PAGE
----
Synopsis by Jonathan Crow
Acclaimed director and headmaster of the Sogestsu school of flower arranging Hiroshi Teshigahara helms this elegant historical drama about tea master Sen no Rikyu. A Buddhist priest who talks of the beauty of a single flower or the shape of a hand holding a teacup, Rikyu (played by Rentaro Mikuni) not only perfected the art of the tea ceremony, but he was one of the primary arbiters of taste during his age. That era was a bloody one, culminating in the uniting of Japan's disparate kingdoms by a series of strong leaders. The most ambitious and the most extravagant was Toyotomi Hideyoshi (Tsutomu Yamazaki), who favored flashy displays of wealth as much as he did violent conquest. Hideyoshi thought of the tea ceremony not as an art but as a show of refinement and power. In 1587 he held a ten-day tea-drinking orgy in Kyoto and Osaka. Hideyoshi chose Rikyu to oversee it and soon the buffoonish, violent leader and the reserved master were engaged in a thinly veiled clash of wills. Rikyu eventually does teach Hideyoshi that beauty is found in the minute. Yet when Hideyoshi receives both guns and a globe from Portuguese missionaries, he is overwhelmed with Napoleonic visions. When Rikyu expresses his reservations about Hideyoshi's impending invasion of Korea and China, the potentate demands an apology.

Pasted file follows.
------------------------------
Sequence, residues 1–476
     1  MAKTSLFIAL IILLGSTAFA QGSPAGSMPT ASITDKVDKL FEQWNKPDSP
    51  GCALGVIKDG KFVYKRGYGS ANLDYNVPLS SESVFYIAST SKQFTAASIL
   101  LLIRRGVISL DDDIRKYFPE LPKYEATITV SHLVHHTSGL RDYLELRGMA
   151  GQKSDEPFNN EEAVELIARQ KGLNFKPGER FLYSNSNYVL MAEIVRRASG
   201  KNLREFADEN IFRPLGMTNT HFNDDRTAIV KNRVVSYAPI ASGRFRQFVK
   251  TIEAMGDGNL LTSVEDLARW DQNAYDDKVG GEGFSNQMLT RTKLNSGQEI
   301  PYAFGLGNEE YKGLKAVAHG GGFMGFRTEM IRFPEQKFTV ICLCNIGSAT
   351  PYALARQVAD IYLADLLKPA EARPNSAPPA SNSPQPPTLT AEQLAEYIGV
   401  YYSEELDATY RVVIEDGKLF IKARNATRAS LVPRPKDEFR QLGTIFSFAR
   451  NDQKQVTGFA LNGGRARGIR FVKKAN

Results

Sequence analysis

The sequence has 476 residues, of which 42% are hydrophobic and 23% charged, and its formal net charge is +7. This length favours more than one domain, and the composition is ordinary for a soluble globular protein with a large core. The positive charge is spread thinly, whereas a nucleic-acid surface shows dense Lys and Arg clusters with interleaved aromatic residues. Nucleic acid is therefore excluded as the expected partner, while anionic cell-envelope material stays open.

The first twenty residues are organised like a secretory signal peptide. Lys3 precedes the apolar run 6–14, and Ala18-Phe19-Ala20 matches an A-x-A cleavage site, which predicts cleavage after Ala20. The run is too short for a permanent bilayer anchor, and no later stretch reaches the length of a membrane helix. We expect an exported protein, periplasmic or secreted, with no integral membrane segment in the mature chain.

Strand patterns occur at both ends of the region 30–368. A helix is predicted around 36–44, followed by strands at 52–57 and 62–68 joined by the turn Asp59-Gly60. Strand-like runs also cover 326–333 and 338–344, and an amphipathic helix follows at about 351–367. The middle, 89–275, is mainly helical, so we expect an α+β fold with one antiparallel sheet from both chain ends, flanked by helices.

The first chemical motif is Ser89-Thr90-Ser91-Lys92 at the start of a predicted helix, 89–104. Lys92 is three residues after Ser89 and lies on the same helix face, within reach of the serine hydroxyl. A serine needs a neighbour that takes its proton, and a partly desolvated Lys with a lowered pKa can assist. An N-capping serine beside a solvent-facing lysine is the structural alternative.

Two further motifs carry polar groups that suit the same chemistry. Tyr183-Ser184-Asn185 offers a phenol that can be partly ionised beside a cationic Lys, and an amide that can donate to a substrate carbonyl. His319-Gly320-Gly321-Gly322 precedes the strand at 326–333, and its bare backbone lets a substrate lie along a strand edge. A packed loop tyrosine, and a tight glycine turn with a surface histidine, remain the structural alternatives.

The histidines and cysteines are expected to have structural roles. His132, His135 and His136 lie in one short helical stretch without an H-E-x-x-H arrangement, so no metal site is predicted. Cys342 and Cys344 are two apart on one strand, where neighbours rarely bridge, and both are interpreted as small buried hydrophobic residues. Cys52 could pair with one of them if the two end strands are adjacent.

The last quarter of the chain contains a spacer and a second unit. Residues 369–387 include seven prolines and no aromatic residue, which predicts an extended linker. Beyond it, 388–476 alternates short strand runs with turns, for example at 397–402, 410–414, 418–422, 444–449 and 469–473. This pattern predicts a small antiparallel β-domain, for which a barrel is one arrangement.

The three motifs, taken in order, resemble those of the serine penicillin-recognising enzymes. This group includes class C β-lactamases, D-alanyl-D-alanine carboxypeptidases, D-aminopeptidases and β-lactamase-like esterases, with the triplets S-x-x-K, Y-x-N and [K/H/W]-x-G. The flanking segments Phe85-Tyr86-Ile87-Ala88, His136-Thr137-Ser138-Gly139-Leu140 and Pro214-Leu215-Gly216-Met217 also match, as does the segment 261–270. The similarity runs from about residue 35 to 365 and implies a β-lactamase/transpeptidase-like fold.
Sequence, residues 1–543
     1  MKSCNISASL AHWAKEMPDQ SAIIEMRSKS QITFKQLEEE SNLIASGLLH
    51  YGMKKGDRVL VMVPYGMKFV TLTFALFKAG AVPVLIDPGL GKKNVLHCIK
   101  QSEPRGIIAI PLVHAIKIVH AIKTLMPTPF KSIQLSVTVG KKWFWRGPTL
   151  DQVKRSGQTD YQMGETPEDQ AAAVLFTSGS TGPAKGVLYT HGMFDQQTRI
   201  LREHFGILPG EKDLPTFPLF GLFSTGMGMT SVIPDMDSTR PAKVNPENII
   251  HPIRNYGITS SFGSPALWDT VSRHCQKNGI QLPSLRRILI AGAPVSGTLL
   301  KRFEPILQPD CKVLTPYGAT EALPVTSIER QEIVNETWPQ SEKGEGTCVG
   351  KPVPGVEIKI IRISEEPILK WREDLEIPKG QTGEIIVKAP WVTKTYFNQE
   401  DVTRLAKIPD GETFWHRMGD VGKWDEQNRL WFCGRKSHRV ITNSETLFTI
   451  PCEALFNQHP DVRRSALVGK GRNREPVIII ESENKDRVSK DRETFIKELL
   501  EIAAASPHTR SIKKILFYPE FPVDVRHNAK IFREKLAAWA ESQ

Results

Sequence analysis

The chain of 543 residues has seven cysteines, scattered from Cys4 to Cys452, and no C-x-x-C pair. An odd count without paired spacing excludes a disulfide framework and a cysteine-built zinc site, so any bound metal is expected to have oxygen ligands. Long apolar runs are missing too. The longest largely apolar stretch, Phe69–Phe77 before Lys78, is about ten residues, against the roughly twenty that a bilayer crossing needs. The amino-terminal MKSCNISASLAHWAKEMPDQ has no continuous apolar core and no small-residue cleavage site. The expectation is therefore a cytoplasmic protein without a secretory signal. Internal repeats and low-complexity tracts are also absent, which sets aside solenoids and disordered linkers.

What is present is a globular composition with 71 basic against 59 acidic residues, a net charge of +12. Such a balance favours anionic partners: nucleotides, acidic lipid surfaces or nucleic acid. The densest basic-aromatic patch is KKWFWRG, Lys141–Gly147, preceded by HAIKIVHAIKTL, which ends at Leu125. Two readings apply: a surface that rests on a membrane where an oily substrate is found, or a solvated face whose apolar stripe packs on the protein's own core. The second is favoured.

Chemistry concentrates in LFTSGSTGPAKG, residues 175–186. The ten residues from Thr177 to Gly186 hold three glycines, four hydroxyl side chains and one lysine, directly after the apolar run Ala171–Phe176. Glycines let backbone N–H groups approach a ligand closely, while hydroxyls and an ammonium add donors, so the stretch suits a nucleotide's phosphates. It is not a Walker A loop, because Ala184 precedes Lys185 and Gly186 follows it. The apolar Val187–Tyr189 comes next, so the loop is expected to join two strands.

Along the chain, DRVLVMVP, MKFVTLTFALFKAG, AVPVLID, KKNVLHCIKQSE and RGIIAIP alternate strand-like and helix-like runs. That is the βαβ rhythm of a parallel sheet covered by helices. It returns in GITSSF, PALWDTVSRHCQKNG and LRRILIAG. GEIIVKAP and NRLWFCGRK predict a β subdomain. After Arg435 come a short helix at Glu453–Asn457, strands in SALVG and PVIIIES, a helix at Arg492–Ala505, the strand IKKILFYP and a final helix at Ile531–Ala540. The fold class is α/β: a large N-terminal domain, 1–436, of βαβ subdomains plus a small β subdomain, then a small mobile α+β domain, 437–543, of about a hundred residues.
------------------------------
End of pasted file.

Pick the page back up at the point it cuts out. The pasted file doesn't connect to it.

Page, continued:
war, artist, Buddhism, ceremony, conflict, ideals, Japan, master [expert], military, nun, opposition, power, prestige, priest, spiritual, struggle, tea-ceremony, China, employment, invasion, lord, plans